I have not been using the RightInput property, since the effect is applied to the right image source element in all these demos.

The source code can be found in Home.xaml

<Grid x:Name=”GrdMain” Background=”Black” >
    <Border BorderBrush=”White” BorderThickness=”1″ Padding=”2″ HorizontalAlignment=”Center” Background=”Transparent” VerticalAlignment=”Center”>
            <Grid>
                <Image Opacity=”1″ Margin=”20″  Stretch=”Uniform” Name=”imageSource” Source=”/Anaglyph3DPlayer;component/images/l.JPG” >
                <Image.Effect>
                    <effects:AnaglyphEffect x:Name=”Effect1″ >
                        <effects:AnaglyphEffect.RightInput >
                                <ImageBrush Opacity=”1″ Stretch=”Uniform”  ImageSource=”{Binding ElementName=imageSource,Path=Source}”>
                                <ImageBrush.Transform>
                                        <CompositeTransform  Rotation=”0.2″ SkewX=”0.2″ SkewY=”0.2″ TranslateX=”3″ TranslateY=”3″/>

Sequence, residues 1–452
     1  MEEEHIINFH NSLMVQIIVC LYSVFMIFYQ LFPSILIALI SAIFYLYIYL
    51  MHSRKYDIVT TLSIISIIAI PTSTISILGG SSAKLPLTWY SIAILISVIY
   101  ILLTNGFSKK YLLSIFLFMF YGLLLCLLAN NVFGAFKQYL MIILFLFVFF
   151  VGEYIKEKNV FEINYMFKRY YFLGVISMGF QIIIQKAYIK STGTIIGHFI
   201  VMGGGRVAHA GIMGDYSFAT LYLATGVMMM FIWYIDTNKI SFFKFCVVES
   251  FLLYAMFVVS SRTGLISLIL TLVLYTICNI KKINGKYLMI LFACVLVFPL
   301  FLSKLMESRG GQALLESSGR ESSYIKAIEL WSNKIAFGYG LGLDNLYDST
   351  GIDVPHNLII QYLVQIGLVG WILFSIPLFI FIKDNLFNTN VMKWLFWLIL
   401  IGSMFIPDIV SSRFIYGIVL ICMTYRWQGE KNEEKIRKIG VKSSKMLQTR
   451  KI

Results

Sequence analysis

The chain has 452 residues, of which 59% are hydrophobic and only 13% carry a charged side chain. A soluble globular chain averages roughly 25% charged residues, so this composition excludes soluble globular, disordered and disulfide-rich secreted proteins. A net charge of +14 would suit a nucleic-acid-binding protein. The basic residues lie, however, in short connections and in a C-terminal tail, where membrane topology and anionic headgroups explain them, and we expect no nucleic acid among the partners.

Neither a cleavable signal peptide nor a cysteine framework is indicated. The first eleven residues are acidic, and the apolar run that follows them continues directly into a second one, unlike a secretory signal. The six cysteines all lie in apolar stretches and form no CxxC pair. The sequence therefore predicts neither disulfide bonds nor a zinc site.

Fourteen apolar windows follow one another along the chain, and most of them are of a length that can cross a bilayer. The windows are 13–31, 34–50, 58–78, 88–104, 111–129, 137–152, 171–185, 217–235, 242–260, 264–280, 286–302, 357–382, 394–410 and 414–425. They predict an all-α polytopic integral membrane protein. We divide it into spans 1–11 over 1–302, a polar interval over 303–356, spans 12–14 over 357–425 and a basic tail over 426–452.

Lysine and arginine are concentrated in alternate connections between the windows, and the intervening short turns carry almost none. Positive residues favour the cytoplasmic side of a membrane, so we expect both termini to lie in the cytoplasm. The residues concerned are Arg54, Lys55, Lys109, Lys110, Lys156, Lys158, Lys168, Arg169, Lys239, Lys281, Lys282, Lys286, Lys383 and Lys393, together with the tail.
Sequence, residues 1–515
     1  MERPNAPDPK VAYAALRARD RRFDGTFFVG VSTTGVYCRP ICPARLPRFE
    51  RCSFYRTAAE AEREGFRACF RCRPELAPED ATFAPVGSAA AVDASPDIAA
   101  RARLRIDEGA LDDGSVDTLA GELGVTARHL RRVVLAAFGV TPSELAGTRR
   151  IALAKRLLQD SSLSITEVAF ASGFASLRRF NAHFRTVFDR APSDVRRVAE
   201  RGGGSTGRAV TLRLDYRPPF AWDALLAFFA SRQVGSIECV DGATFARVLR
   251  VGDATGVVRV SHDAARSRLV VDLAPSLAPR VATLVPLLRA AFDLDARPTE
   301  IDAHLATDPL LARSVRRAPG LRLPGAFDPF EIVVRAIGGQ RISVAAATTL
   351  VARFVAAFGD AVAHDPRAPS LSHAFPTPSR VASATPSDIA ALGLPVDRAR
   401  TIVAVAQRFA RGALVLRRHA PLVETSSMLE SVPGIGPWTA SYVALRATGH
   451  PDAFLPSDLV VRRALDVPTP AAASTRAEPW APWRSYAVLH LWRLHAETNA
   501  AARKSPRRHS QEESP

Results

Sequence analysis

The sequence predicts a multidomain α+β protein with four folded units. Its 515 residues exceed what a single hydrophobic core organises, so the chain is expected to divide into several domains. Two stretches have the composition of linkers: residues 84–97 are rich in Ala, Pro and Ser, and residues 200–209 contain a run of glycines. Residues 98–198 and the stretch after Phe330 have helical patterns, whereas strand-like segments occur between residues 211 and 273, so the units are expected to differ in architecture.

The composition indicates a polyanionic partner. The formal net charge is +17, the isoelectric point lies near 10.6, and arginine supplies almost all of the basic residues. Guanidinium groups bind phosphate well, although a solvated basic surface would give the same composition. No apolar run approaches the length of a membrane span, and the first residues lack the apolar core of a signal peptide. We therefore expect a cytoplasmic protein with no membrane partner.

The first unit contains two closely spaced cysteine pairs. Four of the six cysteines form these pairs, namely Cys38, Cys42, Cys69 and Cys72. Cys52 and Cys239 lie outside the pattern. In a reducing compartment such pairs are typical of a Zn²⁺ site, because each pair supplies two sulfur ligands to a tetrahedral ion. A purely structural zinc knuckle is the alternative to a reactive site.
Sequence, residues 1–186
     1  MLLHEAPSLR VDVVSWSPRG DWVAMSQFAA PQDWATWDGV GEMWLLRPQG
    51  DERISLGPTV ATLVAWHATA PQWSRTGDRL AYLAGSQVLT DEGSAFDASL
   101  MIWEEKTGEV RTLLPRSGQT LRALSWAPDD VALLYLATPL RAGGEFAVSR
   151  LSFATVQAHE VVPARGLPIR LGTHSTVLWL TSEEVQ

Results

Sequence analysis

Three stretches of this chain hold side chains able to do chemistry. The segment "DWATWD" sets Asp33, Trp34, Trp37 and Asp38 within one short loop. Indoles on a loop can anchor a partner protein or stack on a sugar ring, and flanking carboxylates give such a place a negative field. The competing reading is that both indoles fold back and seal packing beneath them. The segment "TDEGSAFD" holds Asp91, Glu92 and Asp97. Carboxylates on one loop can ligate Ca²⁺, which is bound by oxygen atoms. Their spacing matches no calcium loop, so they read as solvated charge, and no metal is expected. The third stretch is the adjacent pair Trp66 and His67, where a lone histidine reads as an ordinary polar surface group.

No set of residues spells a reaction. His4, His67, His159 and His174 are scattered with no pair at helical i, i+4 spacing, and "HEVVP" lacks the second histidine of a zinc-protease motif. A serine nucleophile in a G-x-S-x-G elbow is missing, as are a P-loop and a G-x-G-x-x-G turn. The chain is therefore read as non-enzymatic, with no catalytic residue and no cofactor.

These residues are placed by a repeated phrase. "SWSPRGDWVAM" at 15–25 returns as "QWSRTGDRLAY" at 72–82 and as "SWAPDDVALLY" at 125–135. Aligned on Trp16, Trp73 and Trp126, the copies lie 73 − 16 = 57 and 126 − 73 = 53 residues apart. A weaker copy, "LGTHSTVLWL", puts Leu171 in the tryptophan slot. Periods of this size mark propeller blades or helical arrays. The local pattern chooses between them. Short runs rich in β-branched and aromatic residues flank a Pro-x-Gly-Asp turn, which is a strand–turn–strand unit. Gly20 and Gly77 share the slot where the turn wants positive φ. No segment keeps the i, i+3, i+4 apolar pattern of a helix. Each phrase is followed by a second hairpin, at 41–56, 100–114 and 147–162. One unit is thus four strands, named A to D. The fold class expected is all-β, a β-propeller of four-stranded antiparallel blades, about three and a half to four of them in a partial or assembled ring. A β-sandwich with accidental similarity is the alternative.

</ImageBrush.Transform>
                            </ImageBrush>
                        </effects:AnaglyphEffect.RightInput>
                    </effects:AnaglyphEffect>
                </Image.Effect>

            </Image>
                <TextBlock HorizontalAlignment=”Right” VerticalAlignment=”Bottom” Text=”3D Picture – by Rajneesh” Margin=”2″>
                    <TextBlock.Effect>
                        <DropShadowEffect BlurRadius=”8″ ShadowDepth=”0″ Color=”White”/>
                    </TextBlock.Effect>
                </TextBlock>
            </Grid>
        </Border>
        <Button Click=”Change_Picture” Content=”Change” Padding=”5″ Margin=”5″ HorizontalAlignment=”Right” VerticalAlignment=”Bottom” />
    </Grid>

For real 3d effect two images are required one for left eye and another for right eye however in this sample i have used only single image to produce 3d effect.

Put you Anaglyph glasses shown in the picture below

 and launch this silverlight application Anaglyph 3DPlayer.
The source code for this project can be downloaded here

One thought on “3d Player

Leave a Reply

Fill in your details below or click an icon to log in:

WordPress.com Logo

You are commenting using your WordPress.com account. Log Out /  Change )

Google+ photo

You are commenting using your Google+ account. Log Out /  Change )

Twitter picture

You are commenting using your Twitter account. Log Out /  Change )

Facebook photo

You are commenting using your Facebook account. Log Out /  Change )

Connecting to %s